Zuma's UK visit

2010-03-09 00:00

PRESIDENT Jacob Zuma’s first state visit to the United Kingdom last week was high profile for both good and bad reasons. There was as much publicity for Zuma’s personal morality as there was for propects of revitalised relations between the two countries.

Actually, days before Zuma landed in London, sections of the media at home and in the UK were speculating that polygamy and children born out of wedlock would mar Zuma’s diplomatic mission.

In the process, indications that South Africa is consolidating relations deemed strategic for economic and political reasons were largely ignored. These prospects arise from Zuma’s willingness to strengthen relations that serve South Africa’s economic interests and in the process de-emphasise disagreements on political questions like Zimbabwe, nuclear nonproliferation and Iraq. This attitude to bilateral diplomacy gives meaning to the fact that the Department of Foreign Affairs was changed to the Department of International Relations and Co-operation.

The UK is no ordinary partner for South Africa. It is a former colonial power with strong economic and cultural links with South Africa. London was a major centre of international solidarity with the struggle against apartheid. Many white South Africans hold British passports. Even larger numbers of British citizens frequent South Africa as tourists, while some work and live in South Africa temporarily. South African emigrants in their hundreds of thousands live and work in the UK. Some South Africans hold senior positions in British companies.

The volume of trade between the two countries rose by 173% between 1997 and 2008, making the UK South Africa’s largest trading partner. The UK is the largest source of international tourists who account for significant cash flows into South Africa. There are a number of UK companies doing business in South Africa in almost all sectors of the economy. After the dawn of democracy, a number of South African conglomerates were also listed on the London Stock Exchange.

As Zuma pointed out in his speech to the British parliament, the two countries have co-operated on a range of important international issues, including climate change, energy security, Millennium Development Goals (MDGs), and education. Both countries are active in the G20, which is a new platform for agenda setting globally comprising developed countries and emerging powers like Brazil, India and South Africa. Relations with the UK enable South Africa to play its bridge-builder role between the developed and developing world with reasonable prospects of success.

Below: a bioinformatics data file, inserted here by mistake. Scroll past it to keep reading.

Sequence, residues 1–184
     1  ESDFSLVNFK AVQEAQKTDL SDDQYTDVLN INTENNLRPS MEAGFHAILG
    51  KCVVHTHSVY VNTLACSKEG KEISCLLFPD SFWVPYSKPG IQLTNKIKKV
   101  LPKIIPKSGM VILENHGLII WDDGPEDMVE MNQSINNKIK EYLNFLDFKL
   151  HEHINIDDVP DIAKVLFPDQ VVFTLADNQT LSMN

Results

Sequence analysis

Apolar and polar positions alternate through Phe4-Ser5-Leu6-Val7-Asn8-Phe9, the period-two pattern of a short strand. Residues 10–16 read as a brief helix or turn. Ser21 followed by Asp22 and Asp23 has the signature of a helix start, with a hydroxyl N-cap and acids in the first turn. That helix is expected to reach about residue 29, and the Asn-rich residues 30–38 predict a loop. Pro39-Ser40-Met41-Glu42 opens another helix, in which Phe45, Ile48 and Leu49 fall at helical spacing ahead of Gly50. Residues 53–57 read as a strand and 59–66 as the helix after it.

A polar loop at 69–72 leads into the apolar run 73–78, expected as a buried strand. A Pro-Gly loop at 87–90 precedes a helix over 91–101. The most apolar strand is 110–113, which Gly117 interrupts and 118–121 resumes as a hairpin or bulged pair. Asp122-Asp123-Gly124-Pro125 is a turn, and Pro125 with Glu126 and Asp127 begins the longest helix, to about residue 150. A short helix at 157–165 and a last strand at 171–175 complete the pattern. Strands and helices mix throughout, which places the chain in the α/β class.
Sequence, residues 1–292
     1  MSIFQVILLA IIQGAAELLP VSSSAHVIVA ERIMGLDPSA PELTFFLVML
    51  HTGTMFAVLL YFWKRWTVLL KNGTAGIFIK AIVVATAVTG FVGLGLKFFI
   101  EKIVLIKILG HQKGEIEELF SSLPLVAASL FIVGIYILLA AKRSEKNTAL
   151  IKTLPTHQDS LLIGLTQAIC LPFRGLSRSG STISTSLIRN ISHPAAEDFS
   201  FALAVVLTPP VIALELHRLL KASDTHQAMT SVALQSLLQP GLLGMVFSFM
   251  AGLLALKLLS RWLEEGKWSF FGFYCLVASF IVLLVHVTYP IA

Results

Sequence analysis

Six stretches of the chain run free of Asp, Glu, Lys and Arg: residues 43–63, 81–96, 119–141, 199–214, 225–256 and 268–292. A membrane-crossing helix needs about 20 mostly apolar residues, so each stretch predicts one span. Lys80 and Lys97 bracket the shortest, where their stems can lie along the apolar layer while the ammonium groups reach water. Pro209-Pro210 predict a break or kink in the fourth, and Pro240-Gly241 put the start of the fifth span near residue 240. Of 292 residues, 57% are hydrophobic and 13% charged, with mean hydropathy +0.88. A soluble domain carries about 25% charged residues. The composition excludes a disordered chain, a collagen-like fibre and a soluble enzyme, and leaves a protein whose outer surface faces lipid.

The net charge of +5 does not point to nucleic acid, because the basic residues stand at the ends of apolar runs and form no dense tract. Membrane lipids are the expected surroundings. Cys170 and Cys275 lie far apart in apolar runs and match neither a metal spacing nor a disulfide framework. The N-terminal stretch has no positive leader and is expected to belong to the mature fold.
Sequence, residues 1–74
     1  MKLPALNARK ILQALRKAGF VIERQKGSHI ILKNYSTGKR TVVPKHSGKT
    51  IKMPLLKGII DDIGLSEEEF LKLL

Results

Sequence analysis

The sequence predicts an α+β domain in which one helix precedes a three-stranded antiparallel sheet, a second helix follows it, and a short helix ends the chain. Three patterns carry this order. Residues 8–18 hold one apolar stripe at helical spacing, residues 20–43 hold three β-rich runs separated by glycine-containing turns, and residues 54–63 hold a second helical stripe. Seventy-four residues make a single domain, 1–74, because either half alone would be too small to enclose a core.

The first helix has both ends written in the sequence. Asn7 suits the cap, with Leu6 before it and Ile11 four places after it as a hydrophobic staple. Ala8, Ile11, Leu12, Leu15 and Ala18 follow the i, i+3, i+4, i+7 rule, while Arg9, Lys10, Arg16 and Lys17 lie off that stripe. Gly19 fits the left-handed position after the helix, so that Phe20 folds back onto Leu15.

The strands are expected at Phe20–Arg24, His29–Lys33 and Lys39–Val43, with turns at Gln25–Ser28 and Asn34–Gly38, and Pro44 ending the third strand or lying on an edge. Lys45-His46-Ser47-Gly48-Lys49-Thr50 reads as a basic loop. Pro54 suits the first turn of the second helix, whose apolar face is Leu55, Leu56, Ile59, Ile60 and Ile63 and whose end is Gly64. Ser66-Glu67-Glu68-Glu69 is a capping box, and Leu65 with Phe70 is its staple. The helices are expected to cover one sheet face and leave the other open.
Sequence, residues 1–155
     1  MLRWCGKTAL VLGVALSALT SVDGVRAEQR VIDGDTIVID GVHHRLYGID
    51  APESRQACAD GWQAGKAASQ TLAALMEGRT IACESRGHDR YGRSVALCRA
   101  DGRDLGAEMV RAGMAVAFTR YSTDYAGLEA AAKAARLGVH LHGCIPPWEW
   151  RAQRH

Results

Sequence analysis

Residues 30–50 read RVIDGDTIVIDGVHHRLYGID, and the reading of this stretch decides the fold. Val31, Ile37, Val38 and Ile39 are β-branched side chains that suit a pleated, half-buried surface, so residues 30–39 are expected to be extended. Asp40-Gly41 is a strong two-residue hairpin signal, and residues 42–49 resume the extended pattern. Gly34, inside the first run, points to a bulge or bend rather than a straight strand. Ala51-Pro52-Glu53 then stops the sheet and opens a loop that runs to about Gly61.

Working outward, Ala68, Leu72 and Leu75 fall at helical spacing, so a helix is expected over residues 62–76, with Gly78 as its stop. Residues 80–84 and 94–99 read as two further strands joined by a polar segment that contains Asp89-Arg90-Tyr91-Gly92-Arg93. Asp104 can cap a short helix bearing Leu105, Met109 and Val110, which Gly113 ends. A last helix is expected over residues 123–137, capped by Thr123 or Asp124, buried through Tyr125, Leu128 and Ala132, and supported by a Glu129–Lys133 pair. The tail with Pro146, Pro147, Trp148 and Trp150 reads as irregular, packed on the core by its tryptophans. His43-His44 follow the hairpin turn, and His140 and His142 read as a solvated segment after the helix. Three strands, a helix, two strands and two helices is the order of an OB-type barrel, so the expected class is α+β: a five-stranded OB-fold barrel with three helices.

Of course, the two countries have in the past allowed disagreements over issues like the role of the UN Security Council and international finance institutions, Zimbabwe and Iraq to affect relations negatively. Zuma’s visit was aimed at rejuvenating relations by emphasising areas of agreement and engaging in mature dialogue on those on which they disagree, especially Zimbabwe. So, Zuma had one mission in mind: to reinvigorate relations between the two countries and thus establish a sound basis for South Africa’s position as a consensus actor in global affairs.

It is risky to attach too much importance to the declaration signed by the British prime minister, Gordon Brown, and Zuma, given the fact that Brown’s Labour Party is likely to lose the imminent general elections to the Conservatives.

Yet, it is an important indication of the broad set of a substantive menu of issues to inform stronger SA-UK relations. Joint work on the reform of global-governance institutions like the UN, IMF and the World Bank is one such issue. This entails co-operating in strengthening the capacity of the G20 to make this a reality.

A new initiative unveiled involves the two countries co-operating in making the improvement of educational outcomes the centre of the global agenda in the same way that United States initiatives have made health outcomes a major international issue.

The two countries also share a commitment to making regional integration work. The UK committed £67 million towards improving transport infrastructure, while South Africa committed to open a one-stop border post with Zimbabwe to reduce costs associated with intra-regional trade.

The points of convergence over Zimbabwe clearly lie in the two countries’ commitment to see free and fair elections at the end of the transitional inclusive government currently in place. They also both condemned continued harassment of dissenting groups and individuals in Zimbabwe. The two countries also committed to explore ways of encouraging positive change in Zimbabwe.

Lastly, they agreed to strengthen people-to-people linkages through educational exchange and the establishment of a Next Generation Forum for young people from both countries.

This menu of issues of agreement provides a good basis for the actual work on relations and co- operation that must happen in the coming years. Ultimately, it is how rejuvenated SA-UK relations contribute to South Africa’s fight against poverty and inequality at home that will count. This should come from stronger trade and exchanges on education.

Work on this will require more than government efforts to succeed. Non-state actors need to find space for themselves in this work, even if it is to monitor and evaluate work that is done by state and business in this regard.

• Siphamandla Zondi is the executive director of the Institute for Global Dialogue, but writes in his personal capacity.

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